when my tortano was baking, my house was perfumed with the heady aroma of cheese, onions, briny olives; and some looming, prescience swore that the result was going to be worth sharing, so i am writing this before i've even cut into the glorious ring.
i chose rye for the base of my tortano because it resonated, yeah? using some rather high hydration, the dough was easy to shape. i just bought a bag of sprouted rye from 'to your health', and i have to say, whilst i do appreciate bob's red mill, no rye compares to 'to your health' sprouted rye. the flavor, the aroma, the texture. nonpareil.
i had read through some other formulae for tortano, but they all used commercial yeast, and thus, required a very short fermentation time. i decided to just devise my own thing, et voila! this ring fermented in the fridge for 18 hours. i figured that if you're going to serve up a crown, the bread of it should be just as worthy as the filling. et, mon dieu! is it ever. as i'm writing this, i've broken into it... just had a bit of it... and lordee b. it is so good, it's ridiculous! fully gelatinized dough, a perfect marriage with the filling.
speaking of lordee b., a tortano is an italian ring usually made during easter, and usually filled with some sort of cheese and salty pork thing. it's a special occasion bread, see. and how fortuitous that this post should come a stone's throw from that hallowed holiday in celebration of redivivus.
you will start this endeavor like any other sourdough bread -- the bulk fermentation and all that. after the bench, instead of shaping into a boule, you will stretch the dough into a rectangle, fill it with goodies, then fold it up, round it into a ring and ferment it in the fridge. c'est simple. vraiment.
without further blather, here is the rhyme and reason for your tortano.
THE NIGHT BEFORE DOUGH DAY
45g 100% hydration, 100% rye starter
100g *TYH sprouted rye flour
mix the above until you reach a smooth, thick paste. ferment it overnight. mine fermented for 8 hours.
*just a note on to your health sprouted rye. it's so great, it will make you wonder why you ever used any other rye. but know that it is a serious flour, and very thirsty, so if you decide to use it for your starter and/or your levain, it will produce a rather 'hearty' end result. that is to say, if you feel so inclined, add a few more drops of water to loosen it. i don't. i like a stiff starter and levain. so, if you don't add more water, know that this stiff starter and levain will work beautifully. if you DO decide to add a few more drops of water to adjust to your new flour, make sure you make a note of it and be consistent with this addition as long as you are using this flour. you want to always know what hydration your starter and your levain is, in case something goes wrong (or right!), you want to always be able to account for that end result so that you can repeat it, or fix it as necessary. finally, to your health flour, ordered directly from their online shop, is milled to order. you can get it at whole foods now. its prohibitively expensive, so my suggestion is to always buy it online. at least that way, when you are ordering it, it is milled to order just for you. if you get it at whole foods, even though a superlative product, it will be milled in advance. just some thoughts, suggestion, ideas...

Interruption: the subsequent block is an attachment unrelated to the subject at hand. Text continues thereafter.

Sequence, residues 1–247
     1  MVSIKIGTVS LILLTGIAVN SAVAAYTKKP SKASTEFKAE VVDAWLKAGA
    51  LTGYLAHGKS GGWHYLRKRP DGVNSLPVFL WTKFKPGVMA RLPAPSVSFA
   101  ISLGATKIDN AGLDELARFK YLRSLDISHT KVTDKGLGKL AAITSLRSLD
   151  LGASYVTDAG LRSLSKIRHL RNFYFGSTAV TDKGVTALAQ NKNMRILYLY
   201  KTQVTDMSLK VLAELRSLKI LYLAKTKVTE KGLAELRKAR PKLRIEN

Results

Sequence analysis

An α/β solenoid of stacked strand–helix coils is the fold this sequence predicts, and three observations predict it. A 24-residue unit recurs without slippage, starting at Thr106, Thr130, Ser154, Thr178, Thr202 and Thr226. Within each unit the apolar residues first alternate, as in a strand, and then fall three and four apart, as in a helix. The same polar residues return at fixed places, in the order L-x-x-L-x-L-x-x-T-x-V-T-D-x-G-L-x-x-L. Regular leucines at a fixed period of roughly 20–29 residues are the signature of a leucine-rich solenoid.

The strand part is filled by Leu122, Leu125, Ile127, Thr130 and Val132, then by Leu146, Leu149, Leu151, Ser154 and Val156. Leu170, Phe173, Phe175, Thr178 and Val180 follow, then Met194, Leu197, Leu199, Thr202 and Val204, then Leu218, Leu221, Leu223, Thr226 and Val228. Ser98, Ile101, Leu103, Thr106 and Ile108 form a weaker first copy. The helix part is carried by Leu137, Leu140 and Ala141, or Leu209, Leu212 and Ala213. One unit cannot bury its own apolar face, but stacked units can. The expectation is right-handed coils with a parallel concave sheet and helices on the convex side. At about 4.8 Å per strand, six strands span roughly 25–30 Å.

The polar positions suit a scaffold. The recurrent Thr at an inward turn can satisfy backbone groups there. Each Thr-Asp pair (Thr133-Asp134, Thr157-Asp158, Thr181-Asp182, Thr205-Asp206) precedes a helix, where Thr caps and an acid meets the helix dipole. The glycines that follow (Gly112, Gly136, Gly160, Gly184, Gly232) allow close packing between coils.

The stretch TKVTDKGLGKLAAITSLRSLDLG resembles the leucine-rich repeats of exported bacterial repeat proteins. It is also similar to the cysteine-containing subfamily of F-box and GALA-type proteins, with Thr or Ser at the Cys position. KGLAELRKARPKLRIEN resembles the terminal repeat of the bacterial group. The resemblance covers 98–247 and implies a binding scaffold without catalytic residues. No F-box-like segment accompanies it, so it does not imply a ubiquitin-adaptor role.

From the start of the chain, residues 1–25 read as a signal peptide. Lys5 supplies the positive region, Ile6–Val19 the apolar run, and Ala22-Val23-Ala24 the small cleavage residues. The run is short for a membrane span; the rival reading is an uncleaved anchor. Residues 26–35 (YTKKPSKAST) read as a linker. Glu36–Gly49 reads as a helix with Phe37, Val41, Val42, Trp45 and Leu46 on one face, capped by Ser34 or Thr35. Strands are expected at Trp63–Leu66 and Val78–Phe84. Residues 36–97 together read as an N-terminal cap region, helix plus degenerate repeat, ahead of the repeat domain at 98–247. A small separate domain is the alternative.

245g rye levian
400g KA A/P flour
100g TYH sprouted rye flour
380g h2o (TYH sprouted rye flour is rather thirsty)
439g caramelized onions (i started with 3 large yellow onions, and they cooked down to the aforementioned weight)
106g whole kalamata olives, (niçoise would be a great substitute)
155g 15 month aged comté, sliced (gruyère would be a lovely substitute)
13g kosher salt
a few sprigs of thyme
mix the levain, flours and h2o until you reach a smooth amalgamation. autolyse 1 hour. after the 1 hour autolyse, squish the salt and olive oil into the dough until it is uniformly distributed. form into a smooth ball. the bulk fermentation begins.
it will be hard, but wait a full hour before slicing so the filling doesn't ooze out.
this post has been exhibited on Susan's wild yeast blog.